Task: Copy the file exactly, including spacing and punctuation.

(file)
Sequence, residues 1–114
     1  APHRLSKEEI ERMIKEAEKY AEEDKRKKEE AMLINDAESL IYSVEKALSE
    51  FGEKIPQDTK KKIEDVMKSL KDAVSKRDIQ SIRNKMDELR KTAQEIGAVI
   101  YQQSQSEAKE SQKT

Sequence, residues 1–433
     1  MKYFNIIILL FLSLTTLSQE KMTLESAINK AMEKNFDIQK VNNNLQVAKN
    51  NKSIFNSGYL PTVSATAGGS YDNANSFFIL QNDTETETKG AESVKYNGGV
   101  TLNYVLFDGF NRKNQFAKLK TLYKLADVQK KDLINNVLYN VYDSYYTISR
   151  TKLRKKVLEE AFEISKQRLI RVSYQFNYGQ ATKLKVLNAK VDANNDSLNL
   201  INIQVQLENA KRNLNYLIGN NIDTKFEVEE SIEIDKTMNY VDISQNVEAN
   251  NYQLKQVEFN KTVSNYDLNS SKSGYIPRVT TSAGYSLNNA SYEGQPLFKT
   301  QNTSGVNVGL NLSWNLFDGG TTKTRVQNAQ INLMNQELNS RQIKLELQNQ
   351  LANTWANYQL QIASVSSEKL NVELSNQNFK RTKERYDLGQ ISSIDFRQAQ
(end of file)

Sequence, residues 1–114
     1  APHRLSKEEI ERMIKEAEKY AEEDKRKKEE AMLINDAESL IYSVEKALSE
    51  FGEKIPQDTK KKIEDVMKSL KDAVSKRDIQ SIRNKMDELR KTAQEIGAVI
   101  YQQSQSEAKE SQKT

Sequence, residues 1–433
     1  MKYFNIIILL FLSLTTLSQE KMTLESAINK AMEKNFDIQK VNNNLQVAKN
    51  NKSIFNSGYL PTVSATAGGS YDNANSFFIL QNDTETETKG AESVKYNGGV
   101  TLNYVLFDGF NRKNQFAKLK TLYKLADVQK KDLINNVLYN VYDSYYTISR
   151  TKLRKKVLEE AFEISKQRLI RVSYQFNYGQ ATKLKVLNAK VDANNDSLNL
   201  INIQVQLENA KRNLNYLIGN NIDTKFEVEE SIEIDKTMNY VDISQNVEAN
   251  NYQLKQVEFN KTVSNYDLNS SKSGYIPRVT TSAGYSLNNA SYEGQPLFKT
   301  QNTSGVNVGL NLSWNLFDGG TTKTRVQNAQ INLMNQELNS RQIKLELQNQ
   351  LANTWANYQL QIASVSSEKL NVELSNQNFK RTKERYDLGQ ISSIDFRQAQ